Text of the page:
How to Eliminate Foot Pain When Snowboarding
I treat many snowboarders in our Seattle foot and ankle clinic. One of the more common problems I see is arch pain. Arch pain when snowboarding is usually due to excessive flattening of the arch during a turn. As the foot flattens it gets longer, leading to a stretch of the ligaments and muscles on the bottom of the foot leading to snowboarding arch pain.
This flattening force is much greater on toe-side turns and many riders feel the pain more when doing toe-side turns. When doing a heel-side turn there is almost no flattening force on the arch.
The keys when treating this problem are (1) prevent the arch from flattening so much and (2) strengthening the arch.
Orthotics for Snowboarding Arch Pain : Custom and Prefaricated
The first key to treating foot pain when snowboarding is to use superior arch support in your boots. You can choose between a custom orthotic and a very high quality prefabricated orthotic. Custom orthotics, if made correctly, will usually provide more support and pain relief, but we have also had excellent outcomes using some OTC arch supports. Information on both is found below.
Custom Orthotics for Snowboard Boots
To support the arch in a manner that reduces the forces that cause the pain orthotics should be made to conform extremely close to the arch of the foot. This is called a total contact orthotic and you can see in figure 2 how tight the arch of the orthotic should match the arch of the foot for best results.
In addition, orthotics for snowboarding should be made so that they are stable side-to-side. Unlike orthotics that are made for walking or running, there is no need for for the orthotic to allow a rolling-in motion of the heel. By making the orthotics more stable you allow the foot to more efficiently transfer force to the edges of the snowboard. This helps prevent overuse of foot muscles and the achiness that can accompany the overuse.
If you have foot pain while snowboarding and are in the Seattle area contact us for an appointment. Be sure to bring your snowboard boots to the appointment. If you are outside our area try to find a podiatrist who specializes in orthotic therapy. It also helps if they are a snowboarder or skier. You can learn more about custom snowboard orthotics here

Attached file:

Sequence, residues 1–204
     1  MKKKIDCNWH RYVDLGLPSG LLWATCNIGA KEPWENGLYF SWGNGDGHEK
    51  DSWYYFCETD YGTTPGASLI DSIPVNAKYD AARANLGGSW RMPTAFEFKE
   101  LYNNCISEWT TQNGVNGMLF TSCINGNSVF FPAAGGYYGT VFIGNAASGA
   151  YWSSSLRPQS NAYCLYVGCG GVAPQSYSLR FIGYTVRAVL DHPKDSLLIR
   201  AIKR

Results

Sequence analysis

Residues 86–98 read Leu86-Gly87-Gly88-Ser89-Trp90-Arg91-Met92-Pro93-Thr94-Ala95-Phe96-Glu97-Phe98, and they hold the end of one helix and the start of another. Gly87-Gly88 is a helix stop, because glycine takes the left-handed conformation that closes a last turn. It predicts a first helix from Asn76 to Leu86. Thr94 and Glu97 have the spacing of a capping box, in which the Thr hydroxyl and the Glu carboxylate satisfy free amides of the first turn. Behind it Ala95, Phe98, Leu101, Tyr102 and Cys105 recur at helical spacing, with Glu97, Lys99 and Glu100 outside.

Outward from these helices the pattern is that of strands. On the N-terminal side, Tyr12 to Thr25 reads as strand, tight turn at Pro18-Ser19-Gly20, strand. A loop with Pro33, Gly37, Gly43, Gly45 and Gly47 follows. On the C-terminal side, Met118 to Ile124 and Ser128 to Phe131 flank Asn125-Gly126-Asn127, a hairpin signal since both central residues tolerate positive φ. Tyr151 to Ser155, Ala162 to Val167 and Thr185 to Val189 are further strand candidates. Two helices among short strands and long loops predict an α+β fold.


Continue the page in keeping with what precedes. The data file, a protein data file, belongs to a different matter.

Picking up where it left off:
Many snowboarders will actually do quite well with a good prefabricated orthotic. The one I recommend the most for snowboarding is the FootChair Orthotic with Adjustable Arch Height. This is one of the most stable prefab orthotics on the market. I particularly like the adjustable arch height (via pads that can be put into a pocket under the arch). This allows a maximum amount of support and comfort.
For most snowboarders I recommend to use the greatest number of pads that is comfortable for your arch.
You can see our recommended prefabricated orthotic for snowboard boots here.
Foot Strengthening for Snowboarders
Along with providing adequate support I also have my snowboarding patients on a strengthening program for their arches. It is best to start this program a month or two prior to the start of the season, but it’s ok to start even mid-season. You can see our arch strengthening program on this page.
Don’t Live with Foot Pain When Snowboarding
If you are having foot pain when snowboarding don’t put up with it! Make an appointment to see us in our Seattle foot clinic. Be sure to bring your boots with you. We will review your best options for snowboard orthotics and teach you proper arch strengthening exercises.
If you are not in our area try the prefabricated orthotics and the arch strengthening. If you are not seeing improvement in a few weeks try to find a podiatrist in your area who specializes in orthotic therapy.
If you have any questions, please reply to this article. We’ll usually answer within a few days.
Latest posts by Dr. Larry Huppin (see all)
- Do I Have to Keep Wearing My Orthotics if My Feet Feel Better? - November 29, 2019
- Flip Flops and Sandals for Ball of Foot Pain | Podiatrist Recommended - August 5, 2018
- How To Strengthen the Arch of Foot - August 31, 2017